When Vicki Henricks saw people on the news standing outside nursing home windows to talk to loved ones, she never thought she would do it.
Then, for Easter, Henricks dressed as the Easter Bunny and put a sign reading "Everybody Loves You" on the bird feeder outside her father's window at NHC Healthcare in Rossville, in Walker County, Georgia.
She spoke with her 90-year-old father through the window, but she did not like the separation. She did not like being unable to see her father up close. She did not like having a piece of glass and the delay of the phones between her and another of his seemingly endless jokes.
But Henricks understood the need for quarantine.
"I thought, well, he's not around anybody. He's not having visitors. He's not out shopping. I thought, well, he's pretty safe," Henricks said.
On Saturday morning, Henricks' father, Andrew Hallum, died from COVID-19. His death raised questions in the family about the safety measures at the Rossville nursing home that has now experienced six deaths.
The nursing home in Rossville reported its first death on June 8. Since then, five more people have died with coronavirus-related illnesses as the deadly virus continues to affect the most vulnerable population in Georgia.
Hallum is one of 1,139 people who have died in nursing homes and other long-term care facilities in Georgia in connection with the global pandemic. Deaths in these facilities make up more than 45% of all the COVID-19 deaths in Georgia as of Tuesday afternoon. The virus continues to hit these facilities even as testing has ramped up in recent weeks.
The state's health department announced Tuesday that 100% of nursing home residents in facilities with 25 or more beds have been tested for COVID-19. In all other long-term care facilities aside from nursing homes, 77% of residents and 57% of employees have been tested statewide.
Even as testing has increased, numbers have shown that it's difficult to contain the virus in facilities for both residents and staff. In Georgia, 5,455 health care workers have tested positive for the coronavirus. Over 2,800 of those were employees at long-term care facilities.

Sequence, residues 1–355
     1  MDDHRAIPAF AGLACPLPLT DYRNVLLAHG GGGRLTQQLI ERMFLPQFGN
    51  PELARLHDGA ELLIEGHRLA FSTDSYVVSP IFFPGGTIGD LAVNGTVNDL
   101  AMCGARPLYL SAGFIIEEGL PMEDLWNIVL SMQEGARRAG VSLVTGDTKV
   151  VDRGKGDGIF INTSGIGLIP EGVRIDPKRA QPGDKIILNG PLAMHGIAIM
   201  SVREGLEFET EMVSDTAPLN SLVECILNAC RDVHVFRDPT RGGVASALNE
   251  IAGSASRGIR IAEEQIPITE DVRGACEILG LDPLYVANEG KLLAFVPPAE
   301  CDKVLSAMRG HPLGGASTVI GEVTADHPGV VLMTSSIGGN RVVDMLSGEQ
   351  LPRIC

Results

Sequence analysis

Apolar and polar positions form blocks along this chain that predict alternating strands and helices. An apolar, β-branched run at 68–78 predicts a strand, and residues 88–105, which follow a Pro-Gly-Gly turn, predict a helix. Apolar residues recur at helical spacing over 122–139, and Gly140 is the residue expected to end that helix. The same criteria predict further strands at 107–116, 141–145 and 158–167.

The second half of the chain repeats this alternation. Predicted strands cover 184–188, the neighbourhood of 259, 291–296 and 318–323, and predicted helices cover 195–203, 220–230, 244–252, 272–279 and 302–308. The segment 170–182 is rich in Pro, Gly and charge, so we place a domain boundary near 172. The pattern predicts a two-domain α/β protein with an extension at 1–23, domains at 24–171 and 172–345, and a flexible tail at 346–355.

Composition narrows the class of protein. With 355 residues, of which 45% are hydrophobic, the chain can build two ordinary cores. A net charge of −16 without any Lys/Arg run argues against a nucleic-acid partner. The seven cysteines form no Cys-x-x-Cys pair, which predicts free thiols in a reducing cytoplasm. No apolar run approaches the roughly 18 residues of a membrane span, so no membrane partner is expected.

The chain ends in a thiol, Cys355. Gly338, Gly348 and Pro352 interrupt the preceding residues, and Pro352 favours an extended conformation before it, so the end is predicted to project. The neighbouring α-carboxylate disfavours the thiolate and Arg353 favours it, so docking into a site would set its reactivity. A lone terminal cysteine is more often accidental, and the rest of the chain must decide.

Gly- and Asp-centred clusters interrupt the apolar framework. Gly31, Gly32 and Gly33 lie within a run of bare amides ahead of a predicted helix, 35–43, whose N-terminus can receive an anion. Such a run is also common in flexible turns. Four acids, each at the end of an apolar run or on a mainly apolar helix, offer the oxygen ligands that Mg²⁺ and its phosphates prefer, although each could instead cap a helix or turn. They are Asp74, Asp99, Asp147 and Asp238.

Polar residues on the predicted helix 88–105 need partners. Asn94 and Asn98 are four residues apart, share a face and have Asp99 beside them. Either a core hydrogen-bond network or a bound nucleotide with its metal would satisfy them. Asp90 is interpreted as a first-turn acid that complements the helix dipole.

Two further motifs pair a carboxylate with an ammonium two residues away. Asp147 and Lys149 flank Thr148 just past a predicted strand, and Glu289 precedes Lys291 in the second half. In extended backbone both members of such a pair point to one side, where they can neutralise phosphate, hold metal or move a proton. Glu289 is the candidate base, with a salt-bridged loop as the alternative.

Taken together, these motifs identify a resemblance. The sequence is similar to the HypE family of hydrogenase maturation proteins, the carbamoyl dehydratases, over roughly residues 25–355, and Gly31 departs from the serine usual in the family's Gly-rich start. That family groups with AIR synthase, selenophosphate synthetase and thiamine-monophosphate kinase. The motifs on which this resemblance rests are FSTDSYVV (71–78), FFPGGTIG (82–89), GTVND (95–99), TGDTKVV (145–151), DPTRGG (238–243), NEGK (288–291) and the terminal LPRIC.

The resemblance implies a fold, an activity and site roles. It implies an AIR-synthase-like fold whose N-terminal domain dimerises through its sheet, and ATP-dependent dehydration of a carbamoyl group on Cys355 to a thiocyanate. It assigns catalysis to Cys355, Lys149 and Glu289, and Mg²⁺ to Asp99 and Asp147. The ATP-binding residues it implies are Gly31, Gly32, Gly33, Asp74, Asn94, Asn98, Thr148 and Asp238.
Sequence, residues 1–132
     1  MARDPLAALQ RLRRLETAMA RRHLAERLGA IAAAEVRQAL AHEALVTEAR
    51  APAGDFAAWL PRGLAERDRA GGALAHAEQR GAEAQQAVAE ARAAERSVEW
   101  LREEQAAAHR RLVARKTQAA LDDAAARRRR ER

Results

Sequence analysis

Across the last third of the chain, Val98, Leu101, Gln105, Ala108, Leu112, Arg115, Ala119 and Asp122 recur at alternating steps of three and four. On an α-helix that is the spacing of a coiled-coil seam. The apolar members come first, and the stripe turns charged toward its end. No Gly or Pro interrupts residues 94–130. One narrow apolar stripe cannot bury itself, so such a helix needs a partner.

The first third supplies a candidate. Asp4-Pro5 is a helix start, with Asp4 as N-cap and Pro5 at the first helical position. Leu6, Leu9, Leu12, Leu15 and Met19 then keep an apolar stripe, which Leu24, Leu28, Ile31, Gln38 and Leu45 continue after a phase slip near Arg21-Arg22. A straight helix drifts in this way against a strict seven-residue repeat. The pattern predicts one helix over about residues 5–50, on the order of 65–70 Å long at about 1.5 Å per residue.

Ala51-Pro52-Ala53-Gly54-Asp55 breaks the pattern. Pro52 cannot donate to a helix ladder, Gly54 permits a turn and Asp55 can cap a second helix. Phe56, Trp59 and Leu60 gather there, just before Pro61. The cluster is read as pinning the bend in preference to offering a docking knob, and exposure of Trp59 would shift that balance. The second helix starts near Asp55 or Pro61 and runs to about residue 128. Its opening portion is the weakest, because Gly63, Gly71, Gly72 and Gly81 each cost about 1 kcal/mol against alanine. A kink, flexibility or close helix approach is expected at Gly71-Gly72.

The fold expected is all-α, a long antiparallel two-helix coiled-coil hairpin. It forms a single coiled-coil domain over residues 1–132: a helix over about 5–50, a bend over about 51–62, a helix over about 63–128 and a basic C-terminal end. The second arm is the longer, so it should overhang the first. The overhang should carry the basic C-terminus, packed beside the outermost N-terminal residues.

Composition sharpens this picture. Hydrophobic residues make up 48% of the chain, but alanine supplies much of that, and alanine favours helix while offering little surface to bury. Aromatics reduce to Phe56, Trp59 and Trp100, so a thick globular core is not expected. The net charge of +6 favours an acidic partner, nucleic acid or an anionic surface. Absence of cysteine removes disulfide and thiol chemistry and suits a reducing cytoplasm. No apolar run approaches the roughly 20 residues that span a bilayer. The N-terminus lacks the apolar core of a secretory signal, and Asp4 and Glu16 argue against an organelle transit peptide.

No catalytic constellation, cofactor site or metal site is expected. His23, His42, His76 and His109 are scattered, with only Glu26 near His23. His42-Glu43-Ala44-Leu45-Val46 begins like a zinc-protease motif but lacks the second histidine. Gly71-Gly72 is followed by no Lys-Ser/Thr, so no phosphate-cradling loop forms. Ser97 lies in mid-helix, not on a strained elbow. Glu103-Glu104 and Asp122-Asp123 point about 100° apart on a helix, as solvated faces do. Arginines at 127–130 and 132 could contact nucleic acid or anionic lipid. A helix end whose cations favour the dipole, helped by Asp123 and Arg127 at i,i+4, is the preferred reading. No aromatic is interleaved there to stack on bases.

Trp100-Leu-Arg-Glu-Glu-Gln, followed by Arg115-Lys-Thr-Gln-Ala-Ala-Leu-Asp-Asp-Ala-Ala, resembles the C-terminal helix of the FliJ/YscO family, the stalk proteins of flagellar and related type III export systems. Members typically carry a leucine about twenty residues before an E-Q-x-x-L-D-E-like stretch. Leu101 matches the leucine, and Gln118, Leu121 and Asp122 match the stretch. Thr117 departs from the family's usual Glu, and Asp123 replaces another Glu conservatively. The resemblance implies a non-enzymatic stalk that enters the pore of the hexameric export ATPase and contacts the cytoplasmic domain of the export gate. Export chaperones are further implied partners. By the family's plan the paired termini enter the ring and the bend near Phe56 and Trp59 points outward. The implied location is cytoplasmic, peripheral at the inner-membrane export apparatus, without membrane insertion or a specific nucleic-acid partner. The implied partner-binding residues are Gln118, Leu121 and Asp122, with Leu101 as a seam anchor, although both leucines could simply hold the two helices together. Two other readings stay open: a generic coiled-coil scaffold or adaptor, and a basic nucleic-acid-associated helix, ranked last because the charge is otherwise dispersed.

On April 8, Hallum left a message on his daughter's phone saying he was struggling to breathe, Henricks said. He was not tested for COVID-19 until June, and the results were negative. Days later, when Hallum was at CHI Memorial in Chattanooga on June 3, he tested positive for the virus, Henricks said.
Hallum's family did not learn that he had been taken to the hospital for nearly a week, Henricks said. By that point, her father was unable to speak with the drugs he was under and the machines keeping him alive.
On June 12, after nine days in the hospital, Hallum was moved back to NHC. Henricks drove to the Rossville nursing home to hopefully get a glimpse of her father on a stretcher being moved back inside. She sat in the parking lot waiting but when he father arrived, he was wheeled in through a separate entrance and she never saw him.
That day, a hospice nurse at the facility FaceTimed with Henricks and told her Hallum was "actively dying," Henricks said. He died the next morning, about 12 hours later.
Henricks does not know why the hospital or the nursing home would move someone so close to death. She lost her husband in 2005 to pancreatic cancer and said he was not allowed to move facilities because doctors worried it would be too hard for him.
Casey Reese, spokesperson with National HealthCare Corporation, said the nursing home followed company protocol and made contact with Hallum's primary contact on file. Reese wasn't able to identify that person due to federal privacy guidelines.
Hallum's sense of humor kept him alive for 90 years, Henricks said. He had diabetes and needed frequent shots. He was in a wheelchair. But he was always positive. The man never met a person he could not find a joke for or get along with, she said.
In the picture of Hallum featured on his obituary, and in other pictures shared online, the 90-year-old wears a silver cross necklace. His faith was important to him, Henricks said, and he often talked about heaven.
"He thought he was going to see everybody," she said. "He was going to see everybody again. And there were even days I was a little excited for him. I thought, gosh, he's going to be going to this place he tells me about all the time, how wonderful heaven's going to be, and he's just about there."
The grief of losing a loved one in the pandemic is especially lonely. Henricks feels it.
"It's awful being the family left behind, seeing this take place and knowing I was not with my dad when he died," she said.
The last time the family saw Hallum in person was March 11, for this 90th birthday. NHC locked down that month as the coronavirus spread throughout the region. To celebrate the birthday, one of Hallum's daughters made him a sweatshirt that read, "It took me 90 years to look this good."
Hallum's family never got to see him wear it.
On Tuesday afternoon, NHC Rossville reported a total of 72 confirmed coronavirus cases. Of the 48 residents who have tested positive, six have died, four are in the hospital and one has recovered. Twenty-four employees have tested positive, and 17 have recovered.
Across the county line, 36 residents at the PruittHealth nursing home in Fort Oglethorpe have tested positive and two have died, while 30 employees have tested positive.
Contact Wyatt Massey at email@example.com or 423-757-6249. Follow him on Twitter @news4mass.
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